For a decade, the 418th Flight Test Squadron at Edwards Air Force Base, Calif., has supported NASA by supplying C-17 Globemaster IIIs and personnel to assist with the testing and qualifying of the Orion spacecraft’s parachute system.
That support ended Sept. 12, 2018, with the success of the final parachute system test over the U.S. Army’s Yuma Proving Ground in Arizona.
The 34,000-pound Orion test article was pulled out from a C-17 cargo bay to test the spacecraft’s Capsule Parachute Assembly System, or CPAS, which ultimately qualified the system for flights with astronauts. In the future, when the Orion spacecraft returns to Earth, the capsule’s system of 11 parachutes will slow the manned spacecraft’s descent for a splashdown in the ocean. The final test checks off an important milestone on the path to send humans on missions to the moon and beyond, according to NASA.
For participants at the 418th FLTS, it was a bittersweet end to a unique test program.
“The conclusion of the CPAS test program leaves me with a sense of accomplishment and a bit of sadness,” said Nhan Doan, 418th FLTS lead airdrop engineer and NASA CPAS program engineer. “I feel accomplished knowing that one day the Orion space vehicle will use the same recovery parachutes that we tested. Those parachutes will deliver the astronauts safely back to Earth. Just knowing that gives me satisfaction in my work. I’ve worked on this awesome program for a long time so I am a bit sad because the test program is over.”
Doan added that Edwards AFB has participated in the CPAS testing since 2008 with the first airdrop test conducted in July 2008. However, planning and working with NASA began around 2006. The 418th FLTS has conducted more than 23 drops, he said. The airdrops mainly involved two 418th FLTS test pilots, two flight test engineers, two test-qualified loadmasters, two airdrop engineers, two physiological technicians, two aerial photography personnel, and two-three aircraft maintainers.
“Nevertheless, there are many people who also work behind the scene and not directly on the flight,” Doan said. “These people may not be part of the 418th, but without them the program would not have a successful completion. I owe thanks to many of them. We have test project managers, flight schedulers, technical experts, airdrop riggers, previous airdrop engineers and interns supporting data analysis, safety personnel ensuring the test is conducted in a safe and efficient manner, just to name a few.”
According to NASA, Orion’s parachute system is complex. About 10 miles of Kevlar lines connect the spacecraft to 12,000 square feet of parachute canopy material. The lines must not get tangled during deployment. Cannon-like mortars fire to release several different parachutes. All of these elements must be developed to be reliable for the various angles, wind conditions and speeds in which Orion could land.
These elements made conducting the airdrop tests also complex.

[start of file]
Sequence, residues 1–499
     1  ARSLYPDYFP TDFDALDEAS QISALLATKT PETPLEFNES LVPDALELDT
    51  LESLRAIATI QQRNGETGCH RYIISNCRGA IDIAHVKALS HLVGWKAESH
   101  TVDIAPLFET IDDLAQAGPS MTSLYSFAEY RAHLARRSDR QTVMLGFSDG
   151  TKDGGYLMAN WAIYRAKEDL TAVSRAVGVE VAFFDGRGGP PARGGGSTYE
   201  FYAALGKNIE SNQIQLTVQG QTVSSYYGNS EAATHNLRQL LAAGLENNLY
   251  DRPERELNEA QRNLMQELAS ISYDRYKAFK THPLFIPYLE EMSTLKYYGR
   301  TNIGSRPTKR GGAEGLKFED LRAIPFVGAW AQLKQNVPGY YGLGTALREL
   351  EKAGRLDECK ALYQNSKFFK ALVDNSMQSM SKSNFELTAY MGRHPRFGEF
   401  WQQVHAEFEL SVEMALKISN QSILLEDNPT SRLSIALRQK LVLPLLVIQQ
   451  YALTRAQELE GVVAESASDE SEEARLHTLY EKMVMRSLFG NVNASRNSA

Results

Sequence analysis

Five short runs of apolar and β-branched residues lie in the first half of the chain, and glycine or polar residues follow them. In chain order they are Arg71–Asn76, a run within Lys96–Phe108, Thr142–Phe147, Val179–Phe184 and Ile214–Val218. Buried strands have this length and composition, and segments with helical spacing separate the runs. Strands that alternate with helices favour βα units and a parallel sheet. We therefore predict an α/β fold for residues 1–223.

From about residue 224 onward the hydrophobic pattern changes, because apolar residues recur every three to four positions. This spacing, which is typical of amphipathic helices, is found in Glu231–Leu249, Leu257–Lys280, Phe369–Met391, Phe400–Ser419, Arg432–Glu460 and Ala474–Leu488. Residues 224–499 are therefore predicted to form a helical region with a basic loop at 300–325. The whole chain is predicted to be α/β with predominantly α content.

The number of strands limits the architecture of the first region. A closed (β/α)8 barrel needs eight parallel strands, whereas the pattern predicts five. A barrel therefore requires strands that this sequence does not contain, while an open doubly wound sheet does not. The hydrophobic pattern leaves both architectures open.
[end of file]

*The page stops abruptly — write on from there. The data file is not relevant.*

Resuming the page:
“As a loadmaster we are responsible for being thoroughly familiar with the test plan, safety package, technical order waivers, airdrop malfunction procedures/deviations, and principles of test conduct,” said Tech. Sgt. Shane Powell, 418th FLTS evaluator flight test loadmaster. “We are responsible for loading the article on the aircraft and ensuring that it is properly secured. Additionally, we are responsible for rigging the system for extraction, which involves setting up a drogue parachute, two extraction parachutes, and making nine ties using airdrop rigging materials. We then complete a thorough Joint Airdrop Inspection with an (U.S.) Army rigger. On the day of test, we are responsible for running the system in-flight that enables the airdrop to occur.”
Powell said the C-17 test aircraft then flies up to an altitude of 25,000 to 35,000 feet, depressurizes to open the cargo door and ramp, and then extracts the mock Orion spacecraft test article by using an extraction type airdrop.
“The article greatly exceeds technical order limits leaving only nine inches of clearance on each side of the cargo compartment sidewalls. The test is a huge integration of NASA, Air Force, and Army assets,” Powell said.
According to the space agency, NASA’s Orion spacecraft is built to take humans farther than they’ve ever gone. The craft will serve as an exploration vehicle that carries a crew to space and sustain them during their travel.
When the astronauts inside descend toward the ocean after reentering the Earth’s atmosphere on future missions, their lives will be hanging by a series of threads that have been thoroughly tested and validated to ensure the parachute-assisted end of Orion missions are a success.
“It is always a sight of awe when I see the NASA test capsule on the K-loader about to be loaded onto the C-17 — it just looks stellar,” Doan said. “Definitely something you don’t see every day. The most interesting thing about the CPAS test is going up to 35,000 feet unpressurized and getting ready to extract the capsule from the aircraft. There are not a lot of people that can say they have flown at 35,000 feet unpressurized. It is definitely a once-in-a-lifetime experience to airdrop the NASA capsule from the C-17 at 35,000 feet.”
The completion of CPAS testing brings NASA one step closer to resuming manned space exploration flights, which will be launched from NASA’s new heavy-lift rocket.
“We are very proud of this test team and all the test teams over that last decade that have masterfully executed these missions, they have made a very complex airdrop look easy,” said Lt. Col. Maryann Karlen, 418th director of operations. “We enjoy working on many programs with NASA and congratulate them on this significant milestone.